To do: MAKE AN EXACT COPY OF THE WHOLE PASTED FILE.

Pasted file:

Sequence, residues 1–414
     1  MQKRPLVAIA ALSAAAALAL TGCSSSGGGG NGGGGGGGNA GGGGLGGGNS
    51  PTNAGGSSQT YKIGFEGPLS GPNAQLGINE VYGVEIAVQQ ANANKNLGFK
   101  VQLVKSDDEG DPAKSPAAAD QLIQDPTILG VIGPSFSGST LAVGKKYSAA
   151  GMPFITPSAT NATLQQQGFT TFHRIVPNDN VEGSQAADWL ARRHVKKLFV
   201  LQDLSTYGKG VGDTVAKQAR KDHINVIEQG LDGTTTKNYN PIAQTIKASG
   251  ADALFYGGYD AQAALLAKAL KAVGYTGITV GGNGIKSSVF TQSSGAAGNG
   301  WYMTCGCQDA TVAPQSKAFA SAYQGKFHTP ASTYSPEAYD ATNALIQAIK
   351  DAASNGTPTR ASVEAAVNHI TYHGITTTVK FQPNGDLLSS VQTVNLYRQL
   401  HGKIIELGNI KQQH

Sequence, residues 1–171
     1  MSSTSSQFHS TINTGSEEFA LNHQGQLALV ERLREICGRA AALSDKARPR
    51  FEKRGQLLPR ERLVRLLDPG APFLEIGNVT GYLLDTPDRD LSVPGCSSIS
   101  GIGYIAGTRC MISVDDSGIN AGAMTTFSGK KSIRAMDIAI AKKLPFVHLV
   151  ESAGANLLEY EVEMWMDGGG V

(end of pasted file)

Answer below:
Sequence, residues 1–414
     1  MQKRPLVAIA ALSAAAALAL TGCSSSGGGG NGGGGGGGNA GGGGLGGGNS
    51  PTNAGGSSQT YKIGFEGPLS GPNAQLGINE VYGVEIAVQQ ANANKNLGFK
   101  VQLVKSDDEG DPAKSPAAAD QLIQDPTILG VIGPSFSGST LAVGKKYSAA
   151  GMPFITPSAT NATLQQQGFT TFHRIVPNDN VEGSQAADWL ARRHVKKLFV
   201  LQDLSTYGKG VGDTVAKQAR KDHINVIEQG LDGTTTKNYN PIAQTIKASG
   251  ADALFYGGYD AQAALLAKAL KAVGYTGITV GGNGIKSSVF TQSSGAAGNG
   301  WYMTCGCQDA TVAPQSKAFA SAYQGKFHTP ASTYSPEAYD ATNALIQAIK
   351  DAASNGTPTR ASVEAAVNHI TYHGITTTVK FQPNGDLLSS VQTVNLYRQL
   401  HGKIIELGNI KQQH

Sequence, residues 1–171
     1  MSSTSSQFHS TINTGSEEFA LNHQGQLALV ERLREICGRA AALSDKARPR
    51  FEKRGQLLPR ERLVRLLDPG APFLEIGNVT GYLLDTPDRD LSVPGCSSIS
   101  GIGYIAGTRC MISVDDSGIN AGAMTTFSGK KSIRAMDIAI AKKLPFVHLV
   151  ESAGANLLEY EVEMWMDGGG V